I think there are some brilliant aspects to the tale of Talion. In the last game, Monolith showed that it could extend the Tolkien universe to new characters that I really cared about, like Celebrimbor and Talion. It introduced a plot to save Middle-earth by delaying Sauron’s advances and giving the people of Gondor and other regions more time to come to their senses and mount a defense ahead of the events of The Lord of the Rings. Just what was Sauron doing during the time between the novels, where he should have just been marching on Middle-earth? Well, he was dealing with Talion’s Orc civil war.
Talion’s story fits in the space between some of the best epic stories of all time. It is more than just filler. It is a new part of the universe. It is a tale that on its own is strong enough to become a new piece of the lore.
I love how the story has some major plot twists. There’s one thread of the narrative where you think one character is leaving the story line. But the writers find a way to bring that character back from the dead. That theme of bringing someone back from the dead occurs over and over in the game, from the Orc captain chatter to a campaign with a new character named Zog. In this narrative, you ask questions like what will Talion sacrifice to accomplish his aims, and who will betray him in the end.
Massive sword fights and Siege Battles
In a Siege Battle for control of a city, you have to capture victory points. Minion Orcs spawn by the dozens, crowding the battlefield. But at the victory points, both sides converge, with Orc captains on the Dark Lord’s side facing off against the Talion. There are moments when it is so crowded in the battle that you can’t see who you’re facing. So you take a swing with your sword, and you may hit someone else. It’s an intense battle for control, with all sorts of battle chatter and the clanging of metal. I loved the intensity of these battles, where the stakes are high and the results always unpredictable.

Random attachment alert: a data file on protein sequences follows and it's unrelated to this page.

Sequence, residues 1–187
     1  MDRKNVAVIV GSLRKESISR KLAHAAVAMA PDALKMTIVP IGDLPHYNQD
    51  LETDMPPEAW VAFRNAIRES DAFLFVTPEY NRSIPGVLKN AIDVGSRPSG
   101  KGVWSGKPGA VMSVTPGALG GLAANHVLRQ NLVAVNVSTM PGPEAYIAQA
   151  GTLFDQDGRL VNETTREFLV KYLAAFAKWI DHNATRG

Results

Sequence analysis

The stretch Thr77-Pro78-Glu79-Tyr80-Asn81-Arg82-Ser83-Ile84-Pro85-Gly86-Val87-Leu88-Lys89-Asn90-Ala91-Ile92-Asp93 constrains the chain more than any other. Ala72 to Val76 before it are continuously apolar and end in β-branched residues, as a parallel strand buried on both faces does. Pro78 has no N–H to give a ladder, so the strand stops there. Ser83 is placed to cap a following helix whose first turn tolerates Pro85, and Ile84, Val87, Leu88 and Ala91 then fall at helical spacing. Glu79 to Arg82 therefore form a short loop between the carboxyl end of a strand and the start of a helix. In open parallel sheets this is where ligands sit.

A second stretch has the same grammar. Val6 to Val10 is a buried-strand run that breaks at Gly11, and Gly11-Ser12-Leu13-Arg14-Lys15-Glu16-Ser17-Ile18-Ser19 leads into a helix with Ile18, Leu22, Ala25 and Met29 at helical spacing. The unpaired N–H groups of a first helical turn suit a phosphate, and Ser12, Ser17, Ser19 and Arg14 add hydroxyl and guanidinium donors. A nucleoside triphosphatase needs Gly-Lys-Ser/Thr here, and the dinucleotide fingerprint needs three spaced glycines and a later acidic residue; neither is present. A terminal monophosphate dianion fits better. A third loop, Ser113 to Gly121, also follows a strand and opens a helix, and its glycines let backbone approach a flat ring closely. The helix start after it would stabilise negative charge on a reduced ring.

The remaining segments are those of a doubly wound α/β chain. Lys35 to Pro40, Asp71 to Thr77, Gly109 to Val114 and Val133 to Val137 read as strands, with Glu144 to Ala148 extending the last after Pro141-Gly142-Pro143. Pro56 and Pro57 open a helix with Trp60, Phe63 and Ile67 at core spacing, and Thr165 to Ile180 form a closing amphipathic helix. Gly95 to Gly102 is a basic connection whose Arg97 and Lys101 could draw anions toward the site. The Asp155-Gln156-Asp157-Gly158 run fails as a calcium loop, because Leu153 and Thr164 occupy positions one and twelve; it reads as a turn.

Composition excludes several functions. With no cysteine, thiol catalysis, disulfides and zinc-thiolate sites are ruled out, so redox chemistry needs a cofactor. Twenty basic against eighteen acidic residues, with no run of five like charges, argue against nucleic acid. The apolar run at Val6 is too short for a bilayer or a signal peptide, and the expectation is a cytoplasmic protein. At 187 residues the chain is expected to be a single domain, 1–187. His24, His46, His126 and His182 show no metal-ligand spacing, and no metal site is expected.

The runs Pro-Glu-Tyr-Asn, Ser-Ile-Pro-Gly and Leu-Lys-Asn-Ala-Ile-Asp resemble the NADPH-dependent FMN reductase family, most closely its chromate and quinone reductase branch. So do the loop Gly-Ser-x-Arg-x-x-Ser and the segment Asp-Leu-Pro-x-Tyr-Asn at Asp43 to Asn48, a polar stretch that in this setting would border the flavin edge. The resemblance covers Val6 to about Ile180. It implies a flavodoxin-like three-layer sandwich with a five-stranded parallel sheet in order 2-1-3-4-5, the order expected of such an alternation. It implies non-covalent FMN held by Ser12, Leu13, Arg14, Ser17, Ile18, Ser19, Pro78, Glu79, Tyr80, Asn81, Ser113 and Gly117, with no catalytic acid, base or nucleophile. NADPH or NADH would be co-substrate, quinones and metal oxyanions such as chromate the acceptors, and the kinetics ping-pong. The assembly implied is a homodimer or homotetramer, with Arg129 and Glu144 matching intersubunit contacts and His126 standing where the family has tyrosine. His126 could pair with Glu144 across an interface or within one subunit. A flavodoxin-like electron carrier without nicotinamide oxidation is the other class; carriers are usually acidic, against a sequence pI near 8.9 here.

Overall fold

You have to demonstrate a lot of skill fighting these battles. Sometimes you wade into the thick of it with a sword. But other times, you think about it and ride a fire-breathing dragon into the battle instead. In each Siege Battle for control of a city, you have to take these victory points and drive to the keep. There, you fight the overlord of the fortress. If you defeat the boss, you take control of the city. If you fail, then you lose the city and have to take it once again, after the overlord becomes an even harder target.
The Siege Battles feature some really great diversions, like riding a drake around (a little too hard to control) and spraying fire down below. And it’s fun to get on siege catapult atop a giant Graug and rain artillery fire on the fortress.
The Orcs have personalities
The Orc captains always talk trash before they fight a duel with Talion. They are part of the Nemesis system, which tracks whether you have encountered an Orc before and triggers a piece of dialogue, such as, “I killed you once, and I’ll kill you again.” With Nemesis, you can encounter an Orc in one battle, lose the fight, and see the Orc promoted to a higher and more powerful level. It becomes that much harder to defeat the Orc the next time.
I loved meeting these Orcs, hearing their annoying insults, defeating them in battle, and subjugating them as my own subjects. I would humiliate an Orc captain and see his swagger change from bravado to whimpering. I would appoint an Orc as a warchief or an overlord for a castle, and then the Orc would betray me and turn on me, because that’s the way that Orcs behave. Some of the captains, like Ratbag, become funny sidekicks. And when I lost some of them in battle, I felt sad.